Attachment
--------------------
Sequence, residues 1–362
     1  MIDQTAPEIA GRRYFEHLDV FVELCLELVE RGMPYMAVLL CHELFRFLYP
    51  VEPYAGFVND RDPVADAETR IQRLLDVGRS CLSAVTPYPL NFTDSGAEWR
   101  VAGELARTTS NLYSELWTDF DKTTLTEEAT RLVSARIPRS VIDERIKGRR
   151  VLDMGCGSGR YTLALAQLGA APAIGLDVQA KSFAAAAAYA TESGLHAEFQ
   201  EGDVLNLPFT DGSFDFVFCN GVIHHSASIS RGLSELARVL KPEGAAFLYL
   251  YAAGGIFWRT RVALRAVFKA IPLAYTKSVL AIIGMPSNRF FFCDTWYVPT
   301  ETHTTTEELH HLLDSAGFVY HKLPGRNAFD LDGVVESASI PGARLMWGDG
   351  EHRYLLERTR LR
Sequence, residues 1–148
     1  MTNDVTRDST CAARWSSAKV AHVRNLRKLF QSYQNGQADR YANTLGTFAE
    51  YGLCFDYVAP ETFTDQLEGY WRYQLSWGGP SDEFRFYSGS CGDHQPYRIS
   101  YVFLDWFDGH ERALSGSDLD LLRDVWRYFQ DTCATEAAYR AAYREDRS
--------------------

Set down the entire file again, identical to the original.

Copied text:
Sequence, residues 1–362
     1  MIDQTAPEIA GRRYFEHLDV FVELCLELVE RGMPYMAVLL CHELFRFLYP
    51  VEPYAGFVND RDPVADAETR IQRLLDVGRS CLSAVTPYPL NFTDSGAEWR
   101  VAGELARTTS NLYSELWTDF DKTTLTEEAT RLVSARIPRS VIDERIKGRR
   151  VLDMGCGSGR YTLALAQLGA APAIGLDVQA KSFAAAAAYA TESGLHAEFQ
   201  EGDVLNLPFT DGSFDFVFCN GVIHHSASIS RGLSELARVL KPEGAAFLYL
   251  YAAGGIFWRT RVALRAVFKA IPLAYTKSVL AIIGMPSNRF FFCDTWYVPT
   301  ETHTTTEELH HLLDSAGFVY HKLPGRNAFD LDGVVESASI PGARLMWGDG
   351  EHRYLLERTR LR
Sequence, residues 1–148
     1  MTNDVTRDST CAARWSSAKV AHVRNLRKLF QSYQNGQADR YANTLGTFAE
    51  YGLCFDYVAP ETFTDQLEGY WRYQLSWGGP SDEFRFYSGS CGDHQPYRIS
   101  YVFLDWFDGH ERALSGSDLD LLRDVWRYFQ DTCATEAAYR AAYREDRS